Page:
The executive nominee deal to avert a Senate rules change is good only in that the controversial "nuclear option" was avoided (and even that is debatable). Most interesting is how the deal was reached.
Senate Minority Leader McConnell (R-KY) thoroughly withdrew from negotiations with Senate Majority Leader Reid (D-NV). McConnell is solely focused on his re-election to the extent that the Senate itself is only, at this moment through 2014 a tool to get re-elected. Taking a pragmatic point of view, who can blame him? Except, McConnell was ready to sacrifice the comity of the Senate for his own political objective and seemingly operated in bad faith.
Credit for averting the nuclear option and reaching a deal on executive nominees rests solely with Sen. Reid and Sen. McCain (R-AZ). But for McCain stepping in and picking up the ball, the rules negotiation would have gone south fast - resulting in the US Senate grinding to a paralyzing halt until after the 2014 elections.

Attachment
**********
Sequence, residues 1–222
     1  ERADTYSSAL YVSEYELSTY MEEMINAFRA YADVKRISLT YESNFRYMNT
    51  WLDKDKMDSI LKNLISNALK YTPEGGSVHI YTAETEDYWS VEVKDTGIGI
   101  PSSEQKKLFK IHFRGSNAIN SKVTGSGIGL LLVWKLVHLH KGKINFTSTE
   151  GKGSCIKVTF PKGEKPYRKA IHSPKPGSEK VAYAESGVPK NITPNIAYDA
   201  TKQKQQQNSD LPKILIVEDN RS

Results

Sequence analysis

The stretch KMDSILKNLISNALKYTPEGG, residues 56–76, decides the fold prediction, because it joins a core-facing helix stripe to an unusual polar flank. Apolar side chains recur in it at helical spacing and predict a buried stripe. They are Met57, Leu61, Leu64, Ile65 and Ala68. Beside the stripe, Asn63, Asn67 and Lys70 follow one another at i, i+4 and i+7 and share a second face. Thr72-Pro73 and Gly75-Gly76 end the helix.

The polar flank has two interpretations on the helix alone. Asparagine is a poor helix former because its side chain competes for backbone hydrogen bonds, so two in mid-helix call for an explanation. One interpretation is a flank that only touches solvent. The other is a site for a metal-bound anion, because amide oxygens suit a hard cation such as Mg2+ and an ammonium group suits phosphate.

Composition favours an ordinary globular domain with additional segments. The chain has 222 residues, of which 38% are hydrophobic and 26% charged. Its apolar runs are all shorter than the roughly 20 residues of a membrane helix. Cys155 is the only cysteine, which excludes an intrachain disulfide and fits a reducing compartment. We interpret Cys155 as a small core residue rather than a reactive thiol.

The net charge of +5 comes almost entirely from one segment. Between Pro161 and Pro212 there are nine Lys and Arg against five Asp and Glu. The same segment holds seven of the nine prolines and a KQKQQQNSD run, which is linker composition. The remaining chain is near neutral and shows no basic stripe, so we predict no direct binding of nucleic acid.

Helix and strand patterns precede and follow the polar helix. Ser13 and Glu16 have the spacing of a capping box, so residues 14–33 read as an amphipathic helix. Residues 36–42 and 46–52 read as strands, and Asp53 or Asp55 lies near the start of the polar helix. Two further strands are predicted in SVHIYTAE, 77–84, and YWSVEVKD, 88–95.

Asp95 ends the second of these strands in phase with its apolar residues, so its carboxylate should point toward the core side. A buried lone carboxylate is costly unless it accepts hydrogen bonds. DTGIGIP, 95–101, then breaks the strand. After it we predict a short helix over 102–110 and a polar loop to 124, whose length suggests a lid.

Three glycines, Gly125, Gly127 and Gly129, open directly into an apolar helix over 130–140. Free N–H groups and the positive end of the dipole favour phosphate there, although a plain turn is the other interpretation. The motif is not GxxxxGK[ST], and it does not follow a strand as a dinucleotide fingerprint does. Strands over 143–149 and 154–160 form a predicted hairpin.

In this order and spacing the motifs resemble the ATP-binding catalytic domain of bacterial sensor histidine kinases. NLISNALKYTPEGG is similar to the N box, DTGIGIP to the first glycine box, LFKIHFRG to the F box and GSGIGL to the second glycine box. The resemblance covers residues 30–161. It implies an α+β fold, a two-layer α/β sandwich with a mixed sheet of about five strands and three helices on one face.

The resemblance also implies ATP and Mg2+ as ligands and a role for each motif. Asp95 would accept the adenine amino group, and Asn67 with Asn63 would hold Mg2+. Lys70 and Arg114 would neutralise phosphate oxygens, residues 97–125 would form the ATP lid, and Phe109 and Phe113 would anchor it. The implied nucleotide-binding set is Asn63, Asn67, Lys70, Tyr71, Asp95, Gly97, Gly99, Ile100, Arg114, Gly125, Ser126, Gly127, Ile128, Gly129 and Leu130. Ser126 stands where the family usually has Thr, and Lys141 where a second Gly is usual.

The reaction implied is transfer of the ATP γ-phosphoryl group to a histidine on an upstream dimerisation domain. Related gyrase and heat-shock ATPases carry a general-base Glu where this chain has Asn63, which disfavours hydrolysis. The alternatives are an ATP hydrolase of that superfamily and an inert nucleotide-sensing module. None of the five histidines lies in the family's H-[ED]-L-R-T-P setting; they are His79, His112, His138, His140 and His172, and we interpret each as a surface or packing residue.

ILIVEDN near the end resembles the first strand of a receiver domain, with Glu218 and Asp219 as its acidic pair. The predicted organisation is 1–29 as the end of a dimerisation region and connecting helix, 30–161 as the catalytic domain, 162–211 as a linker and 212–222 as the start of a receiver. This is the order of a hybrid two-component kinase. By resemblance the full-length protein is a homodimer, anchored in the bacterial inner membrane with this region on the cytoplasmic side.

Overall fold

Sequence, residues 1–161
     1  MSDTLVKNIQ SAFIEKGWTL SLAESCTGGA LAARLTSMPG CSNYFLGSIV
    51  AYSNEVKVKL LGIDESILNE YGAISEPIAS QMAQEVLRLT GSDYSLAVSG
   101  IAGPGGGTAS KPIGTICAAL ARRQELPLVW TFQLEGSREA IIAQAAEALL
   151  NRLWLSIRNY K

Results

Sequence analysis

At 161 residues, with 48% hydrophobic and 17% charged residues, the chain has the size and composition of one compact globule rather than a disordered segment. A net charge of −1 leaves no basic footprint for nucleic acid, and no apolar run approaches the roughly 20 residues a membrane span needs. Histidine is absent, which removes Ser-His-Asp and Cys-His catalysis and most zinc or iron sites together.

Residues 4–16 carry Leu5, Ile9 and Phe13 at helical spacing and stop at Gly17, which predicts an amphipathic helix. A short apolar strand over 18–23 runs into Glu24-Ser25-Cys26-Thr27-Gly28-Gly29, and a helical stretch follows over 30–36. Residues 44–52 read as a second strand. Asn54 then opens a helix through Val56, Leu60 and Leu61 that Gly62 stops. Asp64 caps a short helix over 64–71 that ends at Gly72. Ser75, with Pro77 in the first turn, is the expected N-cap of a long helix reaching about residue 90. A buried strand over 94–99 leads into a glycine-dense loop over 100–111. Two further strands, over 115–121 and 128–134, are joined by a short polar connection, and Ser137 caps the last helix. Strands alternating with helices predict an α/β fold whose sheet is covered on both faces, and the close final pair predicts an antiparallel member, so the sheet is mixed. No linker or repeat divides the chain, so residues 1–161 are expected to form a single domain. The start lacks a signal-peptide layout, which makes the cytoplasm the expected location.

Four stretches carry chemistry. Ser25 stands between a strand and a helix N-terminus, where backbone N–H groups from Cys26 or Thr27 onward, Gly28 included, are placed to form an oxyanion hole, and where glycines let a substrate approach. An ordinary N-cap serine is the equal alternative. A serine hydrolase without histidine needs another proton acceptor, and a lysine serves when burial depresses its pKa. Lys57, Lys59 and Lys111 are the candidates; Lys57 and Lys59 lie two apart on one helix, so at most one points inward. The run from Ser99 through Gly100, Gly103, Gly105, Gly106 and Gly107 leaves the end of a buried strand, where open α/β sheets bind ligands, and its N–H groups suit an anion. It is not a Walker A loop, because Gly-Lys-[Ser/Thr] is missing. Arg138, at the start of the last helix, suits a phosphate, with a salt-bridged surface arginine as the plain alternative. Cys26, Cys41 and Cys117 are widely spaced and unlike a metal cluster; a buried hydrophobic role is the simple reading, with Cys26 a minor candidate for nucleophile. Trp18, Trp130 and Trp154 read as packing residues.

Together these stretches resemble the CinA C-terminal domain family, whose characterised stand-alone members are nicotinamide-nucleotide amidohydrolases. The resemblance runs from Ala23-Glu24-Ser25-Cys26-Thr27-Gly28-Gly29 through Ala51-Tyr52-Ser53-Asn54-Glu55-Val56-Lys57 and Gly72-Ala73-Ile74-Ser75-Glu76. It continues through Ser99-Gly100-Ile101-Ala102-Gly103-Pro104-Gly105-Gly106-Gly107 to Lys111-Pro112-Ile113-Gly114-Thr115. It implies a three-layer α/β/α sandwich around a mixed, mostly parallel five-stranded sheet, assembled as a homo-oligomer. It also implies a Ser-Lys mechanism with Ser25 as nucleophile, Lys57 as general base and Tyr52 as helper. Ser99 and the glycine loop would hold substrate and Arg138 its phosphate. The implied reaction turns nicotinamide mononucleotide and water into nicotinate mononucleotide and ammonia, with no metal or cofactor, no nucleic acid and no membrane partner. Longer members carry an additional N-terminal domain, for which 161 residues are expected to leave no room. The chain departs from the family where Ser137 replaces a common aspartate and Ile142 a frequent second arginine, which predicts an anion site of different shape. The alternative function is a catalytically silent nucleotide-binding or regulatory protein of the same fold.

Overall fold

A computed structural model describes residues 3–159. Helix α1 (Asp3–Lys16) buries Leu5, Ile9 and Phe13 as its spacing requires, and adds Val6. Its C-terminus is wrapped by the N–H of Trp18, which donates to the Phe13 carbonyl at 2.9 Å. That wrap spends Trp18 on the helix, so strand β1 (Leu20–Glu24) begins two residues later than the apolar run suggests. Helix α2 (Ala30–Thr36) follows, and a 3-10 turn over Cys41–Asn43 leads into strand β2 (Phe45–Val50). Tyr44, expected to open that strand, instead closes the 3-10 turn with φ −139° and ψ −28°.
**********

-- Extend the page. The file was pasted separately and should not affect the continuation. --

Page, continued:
The resulting deal is ridiculous; but better than alternatives. National Labor Relations Board nominees Sharon Block and Richard Griffin are to be withdrawn and replaced with two new nominees that will be brought immediately to the floor without hearings or mark-up. Further, the deal stipulates that "any one at all," may be nominated. This agreement swings the NLRB doors wide open for nominees who are vociferous advocates for labor and workers rights and interests - as it should be as these are a Democratic administration's nominees. Unfortunately, two highly regarded and credible nominees in Block and Griffin get thrown under the bus.
Sen. McCain, by being the deal cutter, just undermined Leader McConnell. Assuredly McConnell is seething over McCain's rogue negotiation but has nobody but himself to blame.
Monday, July 15, 2013
A rare event occurs today as the US Senate convenes in the old Senate chamber in the Capitol. This is hallowed ground, as it was both the Senate chamber from 1818 to 1859 and was the US Supreme Court chamber from 1860 to 1935. This evening the entire US Senate will convene for a private discussion on how to avoid a mid-session rules change. No staff, no press, just Senators talking to Senators about what may be done to avoid a rule change so that President Obama may see his nominees for various positions come to the floor of the Senate for a vote.
The odds favor a deal of some sort to prevent a controversial rule change vote. The rule change being considered would prevent the use of the filibuster to block executive branch nominees. For some this is unchartered territory. For others it is routine. The reality is it is politics as usual with the added drama of very high stakes.